President Donald Trump called on the Federal Communications Commission (FCC) to go after NBC and its “Meet the Press” anchor Chuck Todd, on Monday and Sunday in series of unhinged tweets in response to Todd’s criticism of Attorney General Bill Barr.
Trump was incensed by Todd, whom the President calls “Sleepy Eyes,” saying Barr “didn’t make the case that he was upholding the rule of law” when the Trump official discussed the Justice Department’s decision to drop Michael Flynn’s case on Fox News. Right-wingers on Twitter attacked Todd for not including Barr’s comment that “fair history would say it was a good decision because it upheld the rule of law” in the clip NBC had played of the attorney general.
“@FCC THIS IS A DISGRACE, EVEN WORSE THAN
@NBC USUALLY IS, WHICH IS REALLY BAD,” Trump tweeted on Monday morning. “SLEEPY EYES MUST BE FIRED!”
He had posted a similar demand the night before in which he tagged both the FCC and FCC chair Ajit Pai.
During a panel on “Meet the Press” on Sunday morning, Todd had played a clip of Barr telling CBS News reporter Catherine Herridge last week that “history’s written by the winners, so it largely depends on who’s writing the history” when she asked how history would view the DOJ’s decision on Flynn.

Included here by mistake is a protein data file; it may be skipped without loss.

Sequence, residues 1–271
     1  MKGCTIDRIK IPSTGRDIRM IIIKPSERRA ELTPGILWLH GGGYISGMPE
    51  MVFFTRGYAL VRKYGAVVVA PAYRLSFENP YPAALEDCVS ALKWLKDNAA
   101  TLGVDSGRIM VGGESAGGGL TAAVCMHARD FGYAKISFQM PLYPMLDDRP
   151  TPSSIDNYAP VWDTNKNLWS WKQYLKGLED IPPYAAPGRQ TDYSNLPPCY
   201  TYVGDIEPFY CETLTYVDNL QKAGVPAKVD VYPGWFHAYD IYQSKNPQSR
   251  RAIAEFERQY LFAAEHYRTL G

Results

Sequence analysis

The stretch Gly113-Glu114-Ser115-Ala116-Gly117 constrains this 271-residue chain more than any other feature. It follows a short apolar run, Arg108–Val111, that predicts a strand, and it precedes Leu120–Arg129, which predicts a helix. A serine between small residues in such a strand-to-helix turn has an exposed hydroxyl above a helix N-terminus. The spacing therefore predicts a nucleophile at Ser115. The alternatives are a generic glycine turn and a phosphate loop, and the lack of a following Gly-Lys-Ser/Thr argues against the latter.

Immediately after Barr made the comment, the program cut to Todd telling the panel he was “struck” by “the cynicism” of the attorney general’s response.
“He didn’t make the case that he was upholding the rule of law,” the NBC host said. “He was almost admitting that yeah, this is a political job.”
The clip did not include Barr’s next remark: “But I think a fair history would say that it was a good decision because it upheld the rule of law.”
“Meet the Press” apologized to Kerri Kupec, Barr’s spokesperson, via Twitter after she complained about Todd.
“Earlier today, we inadvertently and inaccurately cut short a video clip of an interview with AG Barr before offering commentary and analysis,” the program’s Twitter account said. “The remaining clip included important remarks from the attorney general that we missed, and we regret the error.”
The FCC and NBC’s communication offices did not respond to request for comment at the time of writing.
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